Interview with Dung Dang Ding, taken from Book One, The Monuments of Panda Johnson.
Subject: Interview by April F Parka with:
Dang Dung Ding
(I turn to Dang’s door, wondering now how I will dry myself off before I go in, but I need not of worried. Pinned to the outside of the door is a note, 'Gone out!')
Conducted at the Seven Stars, Grand Vacation Resort & Hotel, Cornwall, UK. by
- April F Parka
the following is an exert taken from Chapter 2 in The Monuments of Panda Johnson.
The building in which the RDS meetings were held, was not by anyone’s standards, lavish. It stood some four miles from Panda's meagre and messy apartment, yet still within the same sub-district stood the once, yet now defunct Council of Ohm Hall.
The Council of Ohm were a once great Multi-Galactic religion, to which Dang had been a High Monk.
The Ohm owned halls, chapels, defunct churches and residences of faith in just about every town, city and village on near enough every planet that at least had a small populous.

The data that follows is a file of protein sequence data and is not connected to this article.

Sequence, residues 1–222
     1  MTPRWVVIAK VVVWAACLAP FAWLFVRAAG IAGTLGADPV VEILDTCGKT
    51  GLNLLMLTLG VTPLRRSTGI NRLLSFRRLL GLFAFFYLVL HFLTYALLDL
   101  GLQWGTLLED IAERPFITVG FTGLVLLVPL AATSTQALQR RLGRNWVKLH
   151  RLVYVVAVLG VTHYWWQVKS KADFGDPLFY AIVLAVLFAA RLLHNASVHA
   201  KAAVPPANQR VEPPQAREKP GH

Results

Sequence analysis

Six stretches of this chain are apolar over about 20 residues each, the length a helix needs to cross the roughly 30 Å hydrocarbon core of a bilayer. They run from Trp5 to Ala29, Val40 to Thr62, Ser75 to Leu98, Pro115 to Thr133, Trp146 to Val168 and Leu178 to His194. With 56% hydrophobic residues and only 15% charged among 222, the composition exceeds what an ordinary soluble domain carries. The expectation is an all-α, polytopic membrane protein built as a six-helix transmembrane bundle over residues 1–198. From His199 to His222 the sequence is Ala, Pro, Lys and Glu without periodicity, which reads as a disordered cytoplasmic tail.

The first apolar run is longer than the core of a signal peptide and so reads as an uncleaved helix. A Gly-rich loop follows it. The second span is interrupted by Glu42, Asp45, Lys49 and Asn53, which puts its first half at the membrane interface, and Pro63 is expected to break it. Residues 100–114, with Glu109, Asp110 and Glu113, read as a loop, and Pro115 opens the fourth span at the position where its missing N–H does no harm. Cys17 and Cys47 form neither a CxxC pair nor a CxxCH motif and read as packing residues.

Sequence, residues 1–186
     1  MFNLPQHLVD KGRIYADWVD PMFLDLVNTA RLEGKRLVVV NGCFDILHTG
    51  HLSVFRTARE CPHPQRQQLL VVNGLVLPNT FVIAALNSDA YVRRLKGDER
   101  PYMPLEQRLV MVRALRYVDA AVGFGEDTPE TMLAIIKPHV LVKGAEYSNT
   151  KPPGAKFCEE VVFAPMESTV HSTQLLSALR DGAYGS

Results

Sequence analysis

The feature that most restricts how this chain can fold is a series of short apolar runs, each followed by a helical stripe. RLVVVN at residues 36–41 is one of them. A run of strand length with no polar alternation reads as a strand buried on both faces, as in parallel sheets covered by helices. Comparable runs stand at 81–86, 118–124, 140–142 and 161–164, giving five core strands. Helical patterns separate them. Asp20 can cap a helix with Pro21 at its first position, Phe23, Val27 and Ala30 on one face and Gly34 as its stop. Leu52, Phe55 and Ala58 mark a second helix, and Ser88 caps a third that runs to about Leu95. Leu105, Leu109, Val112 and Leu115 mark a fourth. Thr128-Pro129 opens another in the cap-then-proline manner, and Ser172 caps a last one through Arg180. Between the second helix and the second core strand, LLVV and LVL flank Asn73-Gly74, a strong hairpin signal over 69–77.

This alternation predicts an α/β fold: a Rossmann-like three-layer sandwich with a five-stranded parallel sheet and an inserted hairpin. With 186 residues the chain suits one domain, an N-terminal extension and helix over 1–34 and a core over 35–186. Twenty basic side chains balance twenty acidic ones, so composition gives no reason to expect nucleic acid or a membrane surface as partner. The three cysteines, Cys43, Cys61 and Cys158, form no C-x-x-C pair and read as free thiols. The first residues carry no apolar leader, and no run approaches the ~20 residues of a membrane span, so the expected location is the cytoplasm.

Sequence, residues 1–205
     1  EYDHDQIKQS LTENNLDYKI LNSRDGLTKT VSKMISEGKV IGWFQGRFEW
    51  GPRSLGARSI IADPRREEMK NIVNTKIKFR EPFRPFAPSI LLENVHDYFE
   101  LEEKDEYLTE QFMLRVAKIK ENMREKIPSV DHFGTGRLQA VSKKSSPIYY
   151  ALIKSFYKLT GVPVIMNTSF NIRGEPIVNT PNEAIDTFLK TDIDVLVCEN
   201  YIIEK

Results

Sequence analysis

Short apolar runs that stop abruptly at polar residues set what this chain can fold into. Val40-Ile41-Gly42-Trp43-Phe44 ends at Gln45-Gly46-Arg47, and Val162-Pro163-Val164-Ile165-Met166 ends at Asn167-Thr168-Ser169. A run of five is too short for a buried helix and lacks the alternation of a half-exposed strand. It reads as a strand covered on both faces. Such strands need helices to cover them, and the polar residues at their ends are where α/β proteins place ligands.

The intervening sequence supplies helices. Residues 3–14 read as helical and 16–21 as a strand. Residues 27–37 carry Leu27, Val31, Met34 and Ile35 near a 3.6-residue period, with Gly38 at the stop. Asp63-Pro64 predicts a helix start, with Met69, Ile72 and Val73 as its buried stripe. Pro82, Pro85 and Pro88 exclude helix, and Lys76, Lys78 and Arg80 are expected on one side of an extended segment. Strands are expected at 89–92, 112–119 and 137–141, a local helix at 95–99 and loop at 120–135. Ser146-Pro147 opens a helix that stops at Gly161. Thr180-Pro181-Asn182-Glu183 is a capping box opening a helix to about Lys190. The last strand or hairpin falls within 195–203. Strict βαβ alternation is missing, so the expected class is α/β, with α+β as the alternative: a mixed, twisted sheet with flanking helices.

Even if that planet was only a few billion years old and the inhabitants were just about capable of not pissing into the rain, they wanted it. "Catch ‘em before the crosses!" was one of their more famous sales epitaphs.
Hold on…" I hear you say, "You said earlier that this was a now defunct religion, please explain?
Yes, I did and I’m getting to that, sometimes you are just so impatient.
So, the Council of Ohm, founded by a priest only referred to as Ms. D, was a religion based solely on this principle:
Most people believed in a God, higher power or all seeing force.
The Ohm argued that there was no factual proof that any God existed.
So therefore it was far more likely that all in all, the only thing that could be proved to exist, were socks.
Editor: “Socks? Oh please now this is just getting into the realms of...
Someone please call the authorities and have him interred."
Author: "Carry on like that and I’ll start quoting Mills and Boon to really
Editor: "That's just sneaky."
Still having problems getting your head round it? Ok, so their argument went something like this...
We know that socks exist...
As every time we wash them at least ten percent go missing, just vanish into thin air.
Therefore, if they vanished and could not be found, then they had to have existed in the first place?
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